Though there were a number of cardinal offenses when we were students, none—perhaps with the exception of cheating—was greater than to be caught sleeping in class. Now that we’re educators, we get it: It’s frustrating to find students napping through important lectures or in-class discussions. What’s making students so “tired?” Does it have to do with boredom, laziness, stress, health issues, all of the above?
Catching Z’s: Why are our students sleeping in class?
According to Russell Foster, a neuroscientist and director of the Sleep and Circadian Neuroscience Institute at University of Oxford, sleeping in class actually has more to with natural fluctuations in “the biology of human sleep timing.” Let’s explain.
Forster’s research suggests that the biology of human sleep timing changes as we age. Once we hit puberty, bedtimes and waking times get later, a trend that continues until 19.5 years in women and 21 in men. Then it reverses. At 55 we wake at about the time we woke prior to puberty. On average this is two hours earlier than adolescents. This means that for a teenager, a 7 a.m. alarm call is the equivalent of a 5 a.m. start for people in their 50s.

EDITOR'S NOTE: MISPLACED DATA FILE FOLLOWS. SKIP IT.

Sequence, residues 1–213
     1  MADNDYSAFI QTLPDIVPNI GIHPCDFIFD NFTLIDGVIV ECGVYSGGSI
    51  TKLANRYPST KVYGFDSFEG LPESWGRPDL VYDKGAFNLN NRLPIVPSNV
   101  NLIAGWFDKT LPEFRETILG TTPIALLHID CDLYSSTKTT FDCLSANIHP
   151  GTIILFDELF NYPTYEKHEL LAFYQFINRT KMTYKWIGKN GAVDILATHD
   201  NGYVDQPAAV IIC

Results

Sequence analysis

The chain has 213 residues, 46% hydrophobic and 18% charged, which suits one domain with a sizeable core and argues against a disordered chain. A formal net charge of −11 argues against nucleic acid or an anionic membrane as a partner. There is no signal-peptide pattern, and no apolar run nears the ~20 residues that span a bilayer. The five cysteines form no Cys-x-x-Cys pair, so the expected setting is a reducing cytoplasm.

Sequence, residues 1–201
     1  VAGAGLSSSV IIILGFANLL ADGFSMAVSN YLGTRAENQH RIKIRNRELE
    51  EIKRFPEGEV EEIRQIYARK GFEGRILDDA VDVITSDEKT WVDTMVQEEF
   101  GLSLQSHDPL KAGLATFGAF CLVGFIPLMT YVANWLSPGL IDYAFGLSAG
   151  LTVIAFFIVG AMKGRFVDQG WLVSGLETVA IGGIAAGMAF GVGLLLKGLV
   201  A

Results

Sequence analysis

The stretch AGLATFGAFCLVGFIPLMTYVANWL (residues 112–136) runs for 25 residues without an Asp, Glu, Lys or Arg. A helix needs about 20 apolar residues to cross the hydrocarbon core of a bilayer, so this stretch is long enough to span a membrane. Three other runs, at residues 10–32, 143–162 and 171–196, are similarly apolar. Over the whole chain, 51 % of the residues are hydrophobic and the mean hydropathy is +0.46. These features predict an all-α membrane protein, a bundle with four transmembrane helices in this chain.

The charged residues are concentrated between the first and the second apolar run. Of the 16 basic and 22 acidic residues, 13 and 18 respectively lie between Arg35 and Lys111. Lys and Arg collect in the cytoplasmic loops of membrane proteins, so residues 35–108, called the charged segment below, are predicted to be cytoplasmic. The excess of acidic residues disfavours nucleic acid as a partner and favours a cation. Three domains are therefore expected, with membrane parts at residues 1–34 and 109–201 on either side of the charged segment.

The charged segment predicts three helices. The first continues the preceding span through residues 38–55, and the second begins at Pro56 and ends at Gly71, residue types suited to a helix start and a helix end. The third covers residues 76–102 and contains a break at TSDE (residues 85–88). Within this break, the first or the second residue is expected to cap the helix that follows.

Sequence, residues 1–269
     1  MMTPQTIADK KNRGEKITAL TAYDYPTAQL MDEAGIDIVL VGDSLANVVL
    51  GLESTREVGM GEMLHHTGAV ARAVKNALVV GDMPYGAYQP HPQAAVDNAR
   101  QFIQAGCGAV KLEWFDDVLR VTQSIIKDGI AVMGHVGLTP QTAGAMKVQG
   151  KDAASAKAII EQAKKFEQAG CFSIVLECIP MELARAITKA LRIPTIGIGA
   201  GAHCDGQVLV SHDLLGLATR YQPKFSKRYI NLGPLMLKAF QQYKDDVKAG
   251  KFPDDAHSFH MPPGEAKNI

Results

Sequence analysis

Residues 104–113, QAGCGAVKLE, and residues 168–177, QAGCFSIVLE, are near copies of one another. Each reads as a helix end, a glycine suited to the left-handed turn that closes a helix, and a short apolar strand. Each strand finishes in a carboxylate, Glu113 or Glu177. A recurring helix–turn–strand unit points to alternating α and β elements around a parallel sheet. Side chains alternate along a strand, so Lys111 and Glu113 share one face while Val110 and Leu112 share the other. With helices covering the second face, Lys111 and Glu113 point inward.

Why does this happen?
Foster isn’t entirely sure, but the shifts do correspond to hormonal fluctuations that increase when we hit puberty and decline as we age. Of course, biology is only partially to blame. The proliferation of technology, cultural disregard for the importance of sleep and relaxed bedtime schedules only complicates things.
What do we do with this information?
A half decade ago, many who attended Foster’s conferences scoffed at his suggestion that administrators rethink school start times. More recently, however, educators have started to accept and structure the academic day around adolescent sleep patterns—and the results have been overwhelmingly positive.
In the U.K., Mokkseaton High School instituted a 10 a.m. start time and found “an uptick in academic performance.” Studies of American students revealed similar results: academic performance and attendance improved; sleeping in class and self-reported depression declined.
Whether or not educators decide to push back start times, Foster does caution our disregard for the importance of sleep. Here are a few reasons our students should start taking sleep more seriously:
- Research has shown that blood-glucose regulation was greatly impaired in young men who slept only four hours on six consecutive nights, with their insulin levels comparable to the early stages of diabetes
- Long-term sleep deprivation might be an important factor in predisposing people to conditions such as diabetes, obesity, and hypertension
- Tiredness also increases the likelihood of taking up smoking.
If you are interested in learning more about Foster’s research on sleep, he has written a book called Sleep: A Very Short Introduction.